FDI sets out claim to share of €1 billion Brexit adjustment fund for Ireland

Food Drink Ireland (FDI), the Ibec body representing the food and drink sector, has called for “targeted support measures” for its sector from the Brexit Adjustment Fund.

Yesterday (Tuesday, January 12), Minister for Foreign Affairs Simon Coveney said that Ireland was in line to receive over €1 billion of the total €5 billion provided by the EU in the Brexit Adjustment Fund.

Following on from that announcement, FDI director Paul Kelly said today that his sector is “by far the most exposed of any sector in any country in Europe to Brexit”.

Even with a EU-UK deal, we now face additional paperwork; customs and SPS [sanitary and phytosanitary] formalities; transport delays; and disruption to delivery schedules.

“All these changes are imposing additional costs on businesses and supports are urgently needed, not just to support companies within the food and drink sector, but also the jobs, communities, and downstream suppliers reliant on them, including the farming sector and its longer-term sustainability,” Kelly argued.

He also referenced the Bord Bia Export Performance and Prospects Report, which was released today.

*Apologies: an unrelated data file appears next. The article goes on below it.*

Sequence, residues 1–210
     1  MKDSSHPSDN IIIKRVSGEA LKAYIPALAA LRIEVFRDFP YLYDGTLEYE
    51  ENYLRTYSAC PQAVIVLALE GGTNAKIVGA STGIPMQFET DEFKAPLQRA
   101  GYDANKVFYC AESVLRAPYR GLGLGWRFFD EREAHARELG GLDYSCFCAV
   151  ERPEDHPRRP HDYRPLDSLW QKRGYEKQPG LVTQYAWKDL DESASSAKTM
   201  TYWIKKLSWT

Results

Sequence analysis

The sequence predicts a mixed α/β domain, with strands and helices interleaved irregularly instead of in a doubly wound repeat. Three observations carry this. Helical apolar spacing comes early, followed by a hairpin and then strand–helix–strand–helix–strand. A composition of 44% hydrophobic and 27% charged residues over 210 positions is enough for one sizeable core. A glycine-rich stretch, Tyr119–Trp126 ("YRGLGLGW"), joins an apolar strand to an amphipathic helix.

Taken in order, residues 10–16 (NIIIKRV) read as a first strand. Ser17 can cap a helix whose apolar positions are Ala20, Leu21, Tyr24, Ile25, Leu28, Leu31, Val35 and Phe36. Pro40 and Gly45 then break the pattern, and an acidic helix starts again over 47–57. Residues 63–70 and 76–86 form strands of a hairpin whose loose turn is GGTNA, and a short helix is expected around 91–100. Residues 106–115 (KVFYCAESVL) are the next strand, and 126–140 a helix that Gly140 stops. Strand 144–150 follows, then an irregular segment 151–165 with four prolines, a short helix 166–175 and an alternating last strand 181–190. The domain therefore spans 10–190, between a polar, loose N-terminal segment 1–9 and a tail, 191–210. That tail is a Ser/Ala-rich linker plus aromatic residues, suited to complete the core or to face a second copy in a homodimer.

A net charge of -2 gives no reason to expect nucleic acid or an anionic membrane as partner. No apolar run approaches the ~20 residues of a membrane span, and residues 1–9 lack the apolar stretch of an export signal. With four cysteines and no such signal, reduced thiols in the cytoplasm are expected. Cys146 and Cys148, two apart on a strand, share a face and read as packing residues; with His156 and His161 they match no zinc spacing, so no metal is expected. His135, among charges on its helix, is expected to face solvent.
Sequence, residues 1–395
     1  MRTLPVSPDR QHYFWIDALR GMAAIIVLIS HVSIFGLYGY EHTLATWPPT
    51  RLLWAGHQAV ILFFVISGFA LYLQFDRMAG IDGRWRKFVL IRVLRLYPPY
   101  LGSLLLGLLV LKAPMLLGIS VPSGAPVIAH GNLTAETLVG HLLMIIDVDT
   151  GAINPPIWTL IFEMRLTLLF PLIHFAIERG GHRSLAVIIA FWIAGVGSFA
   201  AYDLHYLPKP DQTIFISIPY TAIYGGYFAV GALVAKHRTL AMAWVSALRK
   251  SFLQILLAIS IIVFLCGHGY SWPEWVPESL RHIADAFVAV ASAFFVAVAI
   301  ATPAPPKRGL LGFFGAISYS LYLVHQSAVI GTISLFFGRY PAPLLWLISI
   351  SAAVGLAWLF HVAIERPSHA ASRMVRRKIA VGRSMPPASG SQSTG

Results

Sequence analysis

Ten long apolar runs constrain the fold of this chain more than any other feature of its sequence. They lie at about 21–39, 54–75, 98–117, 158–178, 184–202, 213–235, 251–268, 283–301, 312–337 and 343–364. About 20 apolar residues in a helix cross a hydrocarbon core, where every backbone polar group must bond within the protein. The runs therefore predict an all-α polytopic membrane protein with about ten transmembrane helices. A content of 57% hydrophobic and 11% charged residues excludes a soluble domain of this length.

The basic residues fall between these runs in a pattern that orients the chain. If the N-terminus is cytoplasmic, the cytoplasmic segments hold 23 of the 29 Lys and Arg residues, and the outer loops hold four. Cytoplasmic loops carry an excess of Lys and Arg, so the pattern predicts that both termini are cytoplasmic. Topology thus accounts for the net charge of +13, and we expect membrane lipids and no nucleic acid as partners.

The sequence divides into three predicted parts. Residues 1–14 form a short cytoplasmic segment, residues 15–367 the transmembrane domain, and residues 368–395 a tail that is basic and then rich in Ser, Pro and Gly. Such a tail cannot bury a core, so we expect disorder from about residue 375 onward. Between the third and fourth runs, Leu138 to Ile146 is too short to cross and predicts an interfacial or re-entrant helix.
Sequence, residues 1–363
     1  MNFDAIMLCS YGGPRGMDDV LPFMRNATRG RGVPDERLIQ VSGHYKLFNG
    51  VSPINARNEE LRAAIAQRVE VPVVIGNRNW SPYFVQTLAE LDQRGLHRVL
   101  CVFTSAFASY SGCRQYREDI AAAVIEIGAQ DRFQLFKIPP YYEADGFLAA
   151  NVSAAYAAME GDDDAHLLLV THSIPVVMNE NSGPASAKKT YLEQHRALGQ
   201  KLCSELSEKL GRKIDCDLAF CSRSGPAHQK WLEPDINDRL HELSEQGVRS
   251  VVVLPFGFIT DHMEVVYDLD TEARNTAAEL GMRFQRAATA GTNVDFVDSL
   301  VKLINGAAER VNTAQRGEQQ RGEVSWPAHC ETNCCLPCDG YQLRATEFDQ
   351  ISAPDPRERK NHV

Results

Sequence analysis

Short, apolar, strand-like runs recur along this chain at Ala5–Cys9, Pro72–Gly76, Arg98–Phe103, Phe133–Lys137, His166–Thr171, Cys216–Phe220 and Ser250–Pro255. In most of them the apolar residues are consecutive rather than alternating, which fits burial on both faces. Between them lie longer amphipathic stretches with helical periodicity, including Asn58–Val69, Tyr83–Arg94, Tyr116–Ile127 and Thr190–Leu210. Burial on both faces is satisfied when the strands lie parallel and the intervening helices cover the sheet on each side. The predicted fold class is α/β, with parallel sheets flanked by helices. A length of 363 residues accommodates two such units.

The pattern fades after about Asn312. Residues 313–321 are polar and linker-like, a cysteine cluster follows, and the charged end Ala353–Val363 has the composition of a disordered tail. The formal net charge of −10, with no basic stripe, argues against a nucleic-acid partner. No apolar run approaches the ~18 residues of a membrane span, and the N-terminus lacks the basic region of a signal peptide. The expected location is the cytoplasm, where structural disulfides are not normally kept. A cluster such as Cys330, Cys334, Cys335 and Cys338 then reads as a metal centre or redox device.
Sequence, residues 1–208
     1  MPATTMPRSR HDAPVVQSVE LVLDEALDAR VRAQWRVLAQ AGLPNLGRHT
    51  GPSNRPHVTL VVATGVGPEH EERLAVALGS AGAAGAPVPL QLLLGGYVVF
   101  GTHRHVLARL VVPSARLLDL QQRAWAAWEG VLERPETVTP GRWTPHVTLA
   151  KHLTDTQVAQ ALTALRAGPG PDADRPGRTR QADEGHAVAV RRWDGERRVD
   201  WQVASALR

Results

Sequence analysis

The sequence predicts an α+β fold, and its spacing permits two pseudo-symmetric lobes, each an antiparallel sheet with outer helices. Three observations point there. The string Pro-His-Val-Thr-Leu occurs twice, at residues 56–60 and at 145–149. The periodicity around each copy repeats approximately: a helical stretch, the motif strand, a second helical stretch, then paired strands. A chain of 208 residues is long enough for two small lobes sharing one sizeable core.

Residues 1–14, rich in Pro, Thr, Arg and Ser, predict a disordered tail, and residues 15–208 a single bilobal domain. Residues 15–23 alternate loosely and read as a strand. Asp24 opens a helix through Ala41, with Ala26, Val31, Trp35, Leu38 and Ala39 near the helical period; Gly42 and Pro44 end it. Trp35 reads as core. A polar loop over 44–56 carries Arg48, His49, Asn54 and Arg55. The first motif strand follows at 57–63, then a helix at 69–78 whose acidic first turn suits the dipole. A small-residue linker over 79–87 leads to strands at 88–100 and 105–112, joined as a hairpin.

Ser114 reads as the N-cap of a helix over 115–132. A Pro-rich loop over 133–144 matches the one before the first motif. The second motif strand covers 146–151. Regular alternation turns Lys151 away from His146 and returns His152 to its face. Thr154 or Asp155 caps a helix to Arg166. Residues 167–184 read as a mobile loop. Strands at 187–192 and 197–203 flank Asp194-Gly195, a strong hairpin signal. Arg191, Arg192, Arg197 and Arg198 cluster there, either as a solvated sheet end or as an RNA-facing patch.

According to the FDI director, the report shows the “resilience” of Ireland’s food and drink sector despite the challenge of the Covid-19 pandemic and other issues in 2020.

The Bord Bia report showed that the value of Ireland exports in 2020 declined by a relatively marginal 2%.

Despite that resilience, Kelly highlighted that the departure of the UK from the EU would create challenges that the adjustment fund could offset.

This, according to Kelly, included the need to invest in competitiveness in light of the increased costs of doing business with the UK, particularly investment in technology; management training; upskilling; plant renewal; expansion; refinancing; market development; and innovation.

He also highlighted the need to fund improvements in export capability, and he called on the government to introduce an export credit insurance scheme to “ensure the growing gap in supply of export credit insurance does not impact on the ability of Irish firms to export”.

Other key areas that will require funding, according to Kelly, are:

  • Diversification and innovation – additional funding for direct grant supports for innovation, marketing and trade promotion;
  • Direct connectivity to continental markets – ensure sufficient accompanied roll-on / roll-off capacity for direct ferry routes to the continent;
  • Customs skills – provide direct supports to cover the additional ongoing costs associated with developing and maintaining customs clearance capability.